|Figure 6: Putty rubber impression for the anterior region with the fixed restoration and the palatal plate in situ|
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|Figure 7: Anterior teeth in the tooth colored acrylic resin and the palatal plate with clasps|
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|Figure 8: Labial and palatal aspects of the transitional removable partial overdenture after finishing|
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| Results|| |
Laboratory outcomes: The interim prosthesis fabricated using this technique was clinically acceptable. Shade matching was adequate with satisfactory esthetics and finishing and polishing was performed to make the prosthesis tissue friendly.
Patient satisfaction: After the insertion of the prosthesis, the patient and her family were satisfied with the overall esthetics. Since the prosthesis was retained in its position via a clasp, the patient was able to perform all functions with satisfactory phonetics.
Overall, the interim prosthesis fulfilled the requirements of the patient and was able to protect the tissues during the fabrication of the final prosthesis. Fabrication of the prosthesis was simple and was completed chair-side in a single visit.
During the follow-up, the patient was satisfied with the prosthesis and did not show any discomfort.
| Discussion|| |
Fabrication of a clinically efficient interim prosthesis with satisfaction of the patient is of the utmost importance for the success of any treatment. In the present case report, an unconventional approach for the fabrication of a transitional removable partial overdenture from the patient’s own failed anterior FPD is described. The interim prosthesis fabricated using this technique fulfilled provided esthetics and function during the 3 months necessary to complete the treatment and required for the fabrication of the final prosthesis.
Patients with a failed anterior FPD due to loosening, chipping of the ceramic veneer, recurrent caries, and/or endodontic involvement of an FPD abutment require replacement with a new FPD. The transition period during the fabrication of a new FPD is often long and requires a transitional esthetic replacement. Depending on the clinical situation, conventional fabrication of provisional restorations can sometimes be time consuming.
Therefore, clinicians often use an unconventional approach to provide an interim prosthesis during the period required to complete the treatment and fabricate the final prosthesis.,
Pleasant esthetics is one of the most important objectives of provisional restorations during construction of any prosthesis. Management of the present case could also have been achieved by using individual crown restorations with or without a cantilever from #13. However, this approach requires more time and the patient was unwilling to follow this treatment plan.
Therefore, the present unconventional approach and an innovative prosthetic design were aimed at providing the patient with an esthetically adequate as well as a retentive provisional. Such a provisional restoration may also allow frequent removal and insertion during the relatively long time required for the reconstruction of the damaged abutments and the completion of the definitive prosthesis.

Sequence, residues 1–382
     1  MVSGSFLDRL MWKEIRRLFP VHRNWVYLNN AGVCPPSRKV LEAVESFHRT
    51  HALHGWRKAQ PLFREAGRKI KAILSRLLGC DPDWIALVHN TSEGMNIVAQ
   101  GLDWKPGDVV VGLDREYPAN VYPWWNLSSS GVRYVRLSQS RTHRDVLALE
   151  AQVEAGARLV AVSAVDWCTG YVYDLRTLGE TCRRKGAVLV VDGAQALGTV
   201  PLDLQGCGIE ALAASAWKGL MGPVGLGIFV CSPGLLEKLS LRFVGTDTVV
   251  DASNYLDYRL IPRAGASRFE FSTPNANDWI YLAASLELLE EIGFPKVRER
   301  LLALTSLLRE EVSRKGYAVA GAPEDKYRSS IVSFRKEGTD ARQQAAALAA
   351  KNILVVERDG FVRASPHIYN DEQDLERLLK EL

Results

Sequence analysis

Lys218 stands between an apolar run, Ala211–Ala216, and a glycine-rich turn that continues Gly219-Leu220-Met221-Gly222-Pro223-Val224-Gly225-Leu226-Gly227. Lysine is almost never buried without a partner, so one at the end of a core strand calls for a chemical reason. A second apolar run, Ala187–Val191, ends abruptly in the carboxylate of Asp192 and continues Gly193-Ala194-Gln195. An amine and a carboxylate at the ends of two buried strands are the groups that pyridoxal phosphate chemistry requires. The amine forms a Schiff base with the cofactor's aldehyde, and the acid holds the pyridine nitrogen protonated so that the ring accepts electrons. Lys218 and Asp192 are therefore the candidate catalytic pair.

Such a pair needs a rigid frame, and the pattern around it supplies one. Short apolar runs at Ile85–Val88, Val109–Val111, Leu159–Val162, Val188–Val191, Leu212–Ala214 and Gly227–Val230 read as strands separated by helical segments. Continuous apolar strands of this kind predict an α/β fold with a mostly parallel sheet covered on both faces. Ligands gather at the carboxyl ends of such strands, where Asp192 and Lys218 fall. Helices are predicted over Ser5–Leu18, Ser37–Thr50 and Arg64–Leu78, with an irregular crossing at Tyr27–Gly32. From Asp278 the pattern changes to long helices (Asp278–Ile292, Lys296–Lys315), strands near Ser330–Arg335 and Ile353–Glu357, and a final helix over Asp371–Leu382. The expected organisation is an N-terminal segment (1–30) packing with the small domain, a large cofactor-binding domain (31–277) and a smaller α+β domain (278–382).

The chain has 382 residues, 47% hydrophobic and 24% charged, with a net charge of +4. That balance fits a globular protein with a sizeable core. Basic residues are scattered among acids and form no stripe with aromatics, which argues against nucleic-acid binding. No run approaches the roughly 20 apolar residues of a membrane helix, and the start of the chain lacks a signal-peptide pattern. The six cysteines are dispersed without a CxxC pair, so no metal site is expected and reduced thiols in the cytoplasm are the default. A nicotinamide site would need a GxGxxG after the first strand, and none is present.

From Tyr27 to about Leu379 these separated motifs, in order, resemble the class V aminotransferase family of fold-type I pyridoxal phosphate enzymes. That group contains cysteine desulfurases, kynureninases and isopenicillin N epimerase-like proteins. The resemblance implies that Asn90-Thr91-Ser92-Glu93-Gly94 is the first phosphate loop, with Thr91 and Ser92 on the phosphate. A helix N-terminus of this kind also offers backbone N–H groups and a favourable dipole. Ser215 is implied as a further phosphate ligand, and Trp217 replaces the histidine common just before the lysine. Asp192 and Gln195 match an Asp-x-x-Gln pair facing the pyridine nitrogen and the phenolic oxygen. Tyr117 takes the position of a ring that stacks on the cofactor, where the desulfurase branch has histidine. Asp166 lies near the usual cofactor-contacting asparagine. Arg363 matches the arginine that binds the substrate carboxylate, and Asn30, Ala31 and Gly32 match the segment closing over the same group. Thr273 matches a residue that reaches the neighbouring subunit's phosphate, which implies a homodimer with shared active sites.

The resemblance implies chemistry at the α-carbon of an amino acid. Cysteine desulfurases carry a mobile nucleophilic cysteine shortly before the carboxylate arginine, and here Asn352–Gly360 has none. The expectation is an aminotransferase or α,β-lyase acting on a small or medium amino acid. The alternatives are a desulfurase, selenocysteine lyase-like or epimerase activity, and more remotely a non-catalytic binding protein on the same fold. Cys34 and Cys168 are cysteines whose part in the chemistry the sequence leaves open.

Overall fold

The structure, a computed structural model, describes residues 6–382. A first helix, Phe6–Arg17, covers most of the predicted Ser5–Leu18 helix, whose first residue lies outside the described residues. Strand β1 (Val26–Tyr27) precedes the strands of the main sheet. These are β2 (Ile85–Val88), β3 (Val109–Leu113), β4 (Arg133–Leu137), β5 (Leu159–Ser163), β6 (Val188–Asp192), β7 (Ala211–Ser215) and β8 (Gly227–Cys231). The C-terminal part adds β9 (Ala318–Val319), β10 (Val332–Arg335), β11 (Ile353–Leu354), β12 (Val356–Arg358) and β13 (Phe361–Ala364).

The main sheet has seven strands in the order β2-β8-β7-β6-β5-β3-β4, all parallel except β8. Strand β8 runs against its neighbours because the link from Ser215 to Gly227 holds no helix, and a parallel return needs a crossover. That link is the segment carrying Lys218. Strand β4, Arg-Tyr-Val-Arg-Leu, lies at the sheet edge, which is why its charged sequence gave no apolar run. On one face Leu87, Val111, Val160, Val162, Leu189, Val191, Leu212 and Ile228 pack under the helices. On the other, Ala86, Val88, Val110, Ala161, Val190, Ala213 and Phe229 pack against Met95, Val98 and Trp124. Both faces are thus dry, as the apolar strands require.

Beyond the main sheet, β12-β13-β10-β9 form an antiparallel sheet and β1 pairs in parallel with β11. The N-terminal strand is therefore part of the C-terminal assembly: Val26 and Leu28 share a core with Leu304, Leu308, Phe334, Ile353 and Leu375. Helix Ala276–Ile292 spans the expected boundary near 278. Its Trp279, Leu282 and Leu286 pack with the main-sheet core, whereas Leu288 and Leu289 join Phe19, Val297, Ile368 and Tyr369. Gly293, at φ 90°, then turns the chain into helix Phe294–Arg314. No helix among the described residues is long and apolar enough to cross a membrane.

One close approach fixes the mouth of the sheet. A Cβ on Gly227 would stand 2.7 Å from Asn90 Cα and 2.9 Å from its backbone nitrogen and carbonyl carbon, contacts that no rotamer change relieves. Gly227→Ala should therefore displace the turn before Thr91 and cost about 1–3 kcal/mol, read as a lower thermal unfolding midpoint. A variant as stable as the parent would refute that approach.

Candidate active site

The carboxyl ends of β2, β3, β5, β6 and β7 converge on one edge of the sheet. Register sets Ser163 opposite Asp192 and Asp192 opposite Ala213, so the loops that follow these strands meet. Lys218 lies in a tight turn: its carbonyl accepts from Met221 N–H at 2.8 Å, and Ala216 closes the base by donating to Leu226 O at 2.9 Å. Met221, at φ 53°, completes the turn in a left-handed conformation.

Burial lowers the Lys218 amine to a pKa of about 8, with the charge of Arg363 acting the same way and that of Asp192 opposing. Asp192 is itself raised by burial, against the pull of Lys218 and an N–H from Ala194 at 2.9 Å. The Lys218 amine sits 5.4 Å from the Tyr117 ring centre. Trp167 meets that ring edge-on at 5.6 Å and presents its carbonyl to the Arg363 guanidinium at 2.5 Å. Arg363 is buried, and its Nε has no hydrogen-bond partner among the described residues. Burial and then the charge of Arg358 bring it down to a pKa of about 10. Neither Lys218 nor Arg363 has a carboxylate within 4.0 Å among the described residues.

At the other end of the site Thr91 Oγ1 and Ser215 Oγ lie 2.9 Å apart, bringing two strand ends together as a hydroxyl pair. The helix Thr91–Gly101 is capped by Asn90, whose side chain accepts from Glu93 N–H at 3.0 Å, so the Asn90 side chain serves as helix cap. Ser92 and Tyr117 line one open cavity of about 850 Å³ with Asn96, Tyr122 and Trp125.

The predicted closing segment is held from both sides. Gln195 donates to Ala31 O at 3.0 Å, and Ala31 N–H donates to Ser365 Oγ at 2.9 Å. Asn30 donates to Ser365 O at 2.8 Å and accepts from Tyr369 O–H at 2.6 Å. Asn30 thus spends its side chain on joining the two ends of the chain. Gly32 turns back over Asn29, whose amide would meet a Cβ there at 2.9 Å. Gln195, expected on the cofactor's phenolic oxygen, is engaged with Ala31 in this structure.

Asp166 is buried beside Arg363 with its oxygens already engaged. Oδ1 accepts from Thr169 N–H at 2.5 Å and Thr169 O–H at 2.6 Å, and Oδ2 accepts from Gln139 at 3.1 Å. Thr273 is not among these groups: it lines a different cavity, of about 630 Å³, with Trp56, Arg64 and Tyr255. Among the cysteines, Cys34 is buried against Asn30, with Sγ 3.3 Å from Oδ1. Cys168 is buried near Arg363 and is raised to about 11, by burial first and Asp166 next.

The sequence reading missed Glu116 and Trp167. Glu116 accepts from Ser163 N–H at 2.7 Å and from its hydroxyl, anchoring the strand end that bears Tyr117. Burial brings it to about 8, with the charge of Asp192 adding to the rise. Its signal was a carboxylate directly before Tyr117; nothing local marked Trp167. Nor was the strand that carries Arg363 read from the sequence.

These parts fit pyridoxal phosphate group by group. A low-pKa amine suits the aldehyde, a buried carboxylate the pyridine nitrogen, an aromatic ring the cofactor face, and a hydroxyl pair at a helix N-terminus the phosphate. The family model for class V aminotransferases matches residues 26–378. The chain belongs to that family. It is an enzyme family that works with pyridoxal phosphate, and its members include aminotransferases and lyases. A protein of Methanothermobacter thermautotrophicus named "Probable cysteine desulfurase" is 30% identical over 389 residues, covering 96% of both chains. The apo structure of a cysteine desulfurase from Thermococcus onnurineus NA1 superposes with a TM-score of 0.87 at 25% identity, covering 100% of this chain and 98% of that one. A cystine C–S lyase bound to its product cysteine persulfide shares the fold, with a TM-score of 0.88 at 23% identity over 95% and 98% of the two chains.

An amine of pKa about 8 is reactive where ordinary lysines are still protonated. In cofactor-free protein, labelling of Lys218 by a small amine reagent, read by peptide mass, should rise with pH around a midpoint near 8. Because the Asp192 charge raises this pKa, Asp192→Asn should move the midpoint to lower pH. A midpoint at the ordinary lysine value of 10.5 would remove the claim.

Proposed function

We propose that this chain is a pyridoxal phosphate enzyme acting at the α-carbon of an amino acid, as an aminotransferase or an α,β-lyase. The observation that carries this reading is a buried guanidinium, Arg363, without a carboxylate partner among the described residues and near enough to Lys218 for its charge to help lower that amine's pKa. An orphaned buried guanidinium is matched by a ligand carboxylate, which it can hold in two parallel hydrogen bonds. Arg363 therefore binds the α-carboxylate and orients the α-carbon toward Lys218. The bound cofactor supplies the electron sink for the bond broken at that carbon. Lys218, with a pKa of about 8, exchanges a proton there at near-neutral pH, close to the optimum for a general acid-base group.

Due to different clinical situations, other clinicians have also had to fabricate unconventional prostheses. Bhandari et al. described the fabrication of an unconventional interim labial partial denture because the premaxilla was inclined labially with an accompanying severe labial undercut with a deep bite. In 2013, Chaturvedi et al. fabricated an unconventional prong denture for the rehabilitation of an edentulous patient with a severe labial undercut, and with a bulbous labial cortical plate. The present unconventional approach described in this case report is very simple, cost effective, and time efficient and was constructed in just one chair-side visit.
During fabrication, the prosthesis was placed on the cast before construction of the acrylic plate to limit the anterior extension of the plate. Moreover, the acrylic palatal plate was left with an unpolished and rough surface to enhance the bonding strength with the tooth colored acrylic resin. The putty index was acquired for the old prosthesis with the acrylic plate in the patient’s mouth to orient the colored part of the restoration to the acrylic plate in the right location relative to the remaining teeth and palate. Finally, the produced prosthesis was polished and inserted into the patient’s mouth.
The patient’s satisfaction with the transitional removable partial overdenture, as a provisional restoration, reflected the success of this design in overcoming the problems associated with the retention and frequent removal of the prosthesis and esthetics during reconstruction of damaged teeth.
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[Figure 1], [Figure 2], [Figure 3], [Figure 4], [Figure 5], [Figure 6], [Figure 7], [Figure 8], [Figure 9]